5 Gift Cards To Avoid For Holiday Shopping

NEW YORK ( TheStreet) -- A gift card can be a great holiday present, if you get a good one.

If you pick up just any old card from a company that's limping through bankruptcy and has a roughly 50% chance of making it to the new year, you're not just lazy and thoughtless, but a jerk to boot. How else do you describe someone who throws $25 to $500 into a "gift" that may never be redeemed for anything resembling that value.

According to market research firm NPD Group 's recent study of consumer holiday buying intentions, 34% percent of consumers plan to buy gift cards or gift certificates this holiday. The study also found that women and upper-income households are more likely to dole out gift cards than any other consumer group.

Considering you gift recipient has about a one in three chance of getting a gift card at all this holiday season, spoiling the experience with a card for a shaky, dying retailer or restaurant probably isn't the best gift-buying strategy out there.

To protect holiday shoppers' investments and prevent them from basically giving out empty promises, we enlisted the help of the folks at ScripSmart and looked into the financial well-being of gift-card-giving retailers across the country. After plumbing the depths of ScripSmart's gift card rankings, we came up with five cards holiday consumers might want to avoid this season:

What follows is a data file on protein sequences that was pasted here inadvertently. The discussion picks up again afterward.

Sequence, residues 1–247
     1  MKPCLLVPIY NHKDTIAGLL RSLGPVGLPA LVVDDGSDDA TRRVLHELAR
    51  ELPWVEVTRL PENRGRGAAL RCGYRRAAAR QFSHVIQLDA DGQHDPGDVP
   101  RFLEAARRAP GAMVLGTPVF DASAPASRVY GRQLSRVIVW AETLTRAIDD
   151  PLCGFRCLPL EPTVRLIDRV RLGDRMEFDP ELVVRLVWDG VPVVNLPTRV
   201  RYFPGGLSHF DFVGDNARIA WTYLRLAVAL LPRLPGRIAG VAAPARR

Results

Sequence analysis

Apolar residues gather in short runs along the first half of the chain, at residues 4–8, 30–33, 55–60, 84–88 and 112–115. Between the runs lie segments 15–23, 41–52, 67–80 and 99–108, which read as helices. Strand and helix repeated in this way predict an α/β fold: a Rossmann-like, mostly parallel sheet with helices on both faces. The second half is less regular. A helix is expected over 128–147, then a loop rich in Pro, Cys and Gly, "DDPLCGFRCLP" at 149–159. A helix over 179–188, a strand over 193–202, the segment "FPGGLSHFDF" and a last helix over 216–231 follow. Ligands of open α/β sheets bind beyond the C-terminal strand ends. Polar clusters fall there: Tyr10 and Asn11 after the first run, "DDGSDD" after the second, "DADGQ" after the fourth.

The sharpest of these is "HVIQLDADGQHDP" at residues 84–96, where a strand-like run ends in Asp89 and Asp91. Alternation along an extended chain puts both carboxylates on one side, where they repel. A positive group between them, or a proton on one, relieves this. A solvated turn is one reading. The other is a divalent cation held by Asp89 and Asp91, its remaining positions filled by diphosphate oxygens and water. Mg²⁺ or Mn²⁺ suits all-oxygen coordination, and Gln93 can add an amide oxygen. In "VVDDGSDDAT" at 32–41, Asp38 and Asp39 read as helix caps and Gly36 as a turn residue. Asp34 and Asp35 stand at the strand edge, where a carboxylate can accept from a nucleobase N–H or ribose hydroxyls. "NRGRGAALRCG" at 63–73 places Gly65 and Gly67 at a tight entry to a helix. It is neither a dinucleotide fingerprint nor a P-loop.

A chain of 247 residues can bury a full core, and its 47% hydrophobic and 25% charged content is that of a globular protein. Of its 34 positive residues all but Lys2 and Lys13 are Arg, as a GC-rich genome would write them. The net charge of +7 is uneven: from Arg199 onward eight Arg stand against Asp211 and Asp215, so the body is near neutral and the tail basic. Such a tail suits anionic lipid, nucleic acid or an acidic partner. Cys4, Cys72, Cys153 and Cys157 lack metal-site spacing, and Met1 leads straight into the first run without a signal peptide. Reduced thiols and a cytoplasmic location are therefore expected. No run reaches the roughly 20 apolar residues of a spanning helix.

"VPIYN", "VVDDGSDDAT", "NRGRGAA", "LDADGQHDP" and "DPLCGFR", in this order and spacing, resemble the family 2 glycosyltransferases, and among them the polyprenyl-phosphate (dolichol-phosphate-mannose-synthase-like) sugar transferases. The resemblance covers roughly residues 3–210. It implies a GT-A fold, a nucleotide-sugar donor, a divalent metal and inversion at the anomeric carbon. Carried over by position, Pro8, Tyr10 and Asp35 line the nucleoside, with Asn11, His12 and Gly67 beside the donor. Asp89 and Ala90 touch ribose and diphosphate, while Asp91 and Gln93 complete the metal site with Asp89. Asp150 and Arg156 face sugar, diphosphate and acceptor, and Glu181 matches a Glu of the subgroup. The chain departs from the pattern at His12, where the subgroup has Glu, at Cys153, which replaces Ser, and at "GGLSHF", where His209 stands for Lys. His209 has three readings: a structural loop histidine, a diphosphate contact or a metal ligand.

Sears (SHLD)
This gift card made our list last year. Other than surviving this long, Sears has done nothing to instill much confidence in its gift card this year, either.

Back in February, it announced plans to spin off Sears Hometown and Outlet stores and sell 11 of its underperforming flagship stores to a real estate firm. In may, it decided to partially spin off its Sears Canada shops. Revenue has fallen every quarter this year and the Sears and Kmart brands themselves are just getting smoked by competitors such as Amazon (AMZN) , Target (TGT) , Wal-Mart (WMT) and Kohl's (KSS) .

Sears and Kmart look and feel old, mostly because the company either doesn't care or doesn't have the cash to make them feel young again. While bricks-and-mortar competitors spend up to $8 per square foot painting, updating registers and replacing tiles, the International Strategy and investment Group says Sears spends only $1 to $2 per square foot updating its facilities. If a store looks and feels like the Sears or Kmart you or your family shopped at during the 1980s and 1990s, it's likely because it's changed little since.

This gift card warning applies to Sears, Lands End and Kmart cards, though the latter will likely be the last card in the deck, as Sears Holdings is closing Kmarts at a far slower rate than any of its other shops.